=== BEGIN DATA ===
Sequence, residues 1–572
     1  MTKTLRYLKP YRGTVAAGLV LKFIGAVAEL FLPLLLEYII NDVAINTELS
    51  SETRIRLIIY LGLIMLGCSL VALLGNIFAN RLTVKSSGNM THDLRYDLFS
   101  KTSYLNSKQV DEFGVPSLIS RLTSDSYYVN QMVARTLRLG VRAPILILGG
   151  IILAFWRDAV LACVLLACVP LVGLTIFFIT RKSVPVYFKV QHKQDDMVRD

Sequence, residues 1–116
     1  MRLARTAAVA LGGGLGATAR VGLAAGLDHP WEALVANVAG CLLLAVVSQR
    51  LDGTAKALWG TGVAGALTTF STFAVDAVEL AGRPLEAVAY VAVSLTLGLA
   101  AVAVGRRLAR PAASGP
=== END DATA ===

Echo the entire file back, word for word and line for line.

Sequence, residues 1–572
     1  MTKTLRYLKP YRGTVAAGLV LKFIGAVAEL FLPLLLEYII NDVAINTELS
    51  SETRIRLIIY LGLIMLGCSL VALLGNIFAN RLTVKSSGNM THDLRYDLFS
   101  KTSYLNSKQV DEFGVPSLIS RLTSDSYYVN QMVARTLRLG VRAPILILGG
   151  IILAFWRDAV LACVLLACVP LVGLTIFFIT RKSVPVYFKV QHKQDDMVRD

Sequence, residues 1–116
     1  MRLARTAAVA LGGGLGATAR VGLAAGLDHP WEALVANVAG CLLLAVVSQR
    51  LDGTAKALWG TGVAGALTTF STFAVDAVEL AGRPLEAVAY VAVSLTLGLA
   101  AVAVGRRLAR PAASGP